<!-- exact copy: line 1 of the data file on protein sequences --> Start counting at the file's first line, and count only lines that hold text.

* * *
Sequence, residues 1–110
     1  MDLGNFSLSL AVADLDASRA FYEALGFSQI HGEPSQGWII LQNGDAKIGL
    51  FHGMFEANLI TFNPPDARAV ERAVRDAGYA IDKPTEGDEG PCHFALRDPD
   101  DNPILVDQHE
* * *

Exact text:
Sequence, residues 1–110